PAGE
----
Step Back in Time features news items from The Daily Star 25 and 50 years ago.

25 years ago

July 16, 1994

FRANKLIN — Dry Town Brewery is looking for a new site after discovering that it would be too expensive to put in a wastewater system in Franklin.

Kenneth Walter, Harold Leitenberger and Paul Robinson, all town of Franklin residents and partners in Dry Town Brewery Inc., are now searching for a new location that is served by a municipal wastewater treatment plant.

Walter said when the project was in the panning stages the partners were told that they could not use a glorified septic system to process wastewater, which would cost about $10,000.

After settling on the Franklin location and getting all the required town permits lined up in March and April, civil engineering firms were consulted to develop plans to meet state Department of Environmental Conservation requirements.

50 years ago

July 16, 1969

Ten years ago, the people were just entering a race for the moon against the Russians.

Most people saw it as our greatest challenge, not only in discovering the mysteries of space, but to prove our superiority in technology over Russia. Some even pointed out the military importance of the moon.

The two biggest arguments against the moon program have been the cost and the need to go to the moon. To find out how local people felt about today’s trip, especially concerning cost and necessity for going, several people were asked to give their reasons for or against.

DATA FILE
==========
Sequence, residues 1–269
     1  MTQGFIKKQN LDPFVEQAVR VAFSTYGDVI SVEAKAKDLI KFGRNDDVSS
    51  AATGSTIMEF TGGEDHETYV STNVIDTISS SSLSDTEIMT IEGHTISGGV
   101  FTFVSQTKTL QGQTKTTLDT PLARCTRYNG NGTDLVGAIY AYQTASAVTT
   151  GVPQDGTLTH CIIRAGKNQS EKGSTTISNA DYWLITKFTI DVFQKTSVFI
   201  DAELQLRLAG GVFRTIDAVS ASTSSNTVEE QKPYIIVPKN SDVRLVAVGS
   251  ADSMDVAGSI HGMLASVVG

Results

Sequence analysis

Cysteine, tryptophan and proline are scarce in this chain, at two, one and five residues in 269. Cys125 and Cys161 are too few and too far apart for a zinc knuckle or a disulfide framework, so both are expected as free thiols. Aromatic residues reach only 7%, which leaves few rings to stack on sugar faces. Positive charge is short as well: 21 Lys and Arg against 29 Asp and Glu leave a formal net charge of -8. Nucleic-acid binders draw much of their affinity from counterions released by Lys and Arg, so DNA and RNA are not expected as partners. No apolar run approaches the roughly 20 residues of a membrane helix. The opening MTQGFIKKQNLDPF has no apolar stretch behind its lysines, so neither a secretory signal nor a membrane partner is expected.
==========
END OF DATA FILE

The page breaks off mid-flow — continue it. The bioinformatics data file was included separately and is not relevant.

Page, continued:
“The future of the world depends on expansion,” felt Dr. James Ian-Diorio of 29 Center Street. “This expansion means not only developing the potential of the sea, but also we must spread out into space. As far as the money we have spent, we have been more than adequately recompensed by the discoveries in electronics and space medicine,” he added.

The money should be spent elsewhere, according to SUCO math professor Jim Fraley. “There is probably some worthy goal such as advances in technology, but unfortunately millions of Americans are going hungry,” he noted. “We need to direct this money to the problems in the cities such as better housing and education, especially for non-whites. The technology we do gain goes mainly to benefit only the affluent Americans.”

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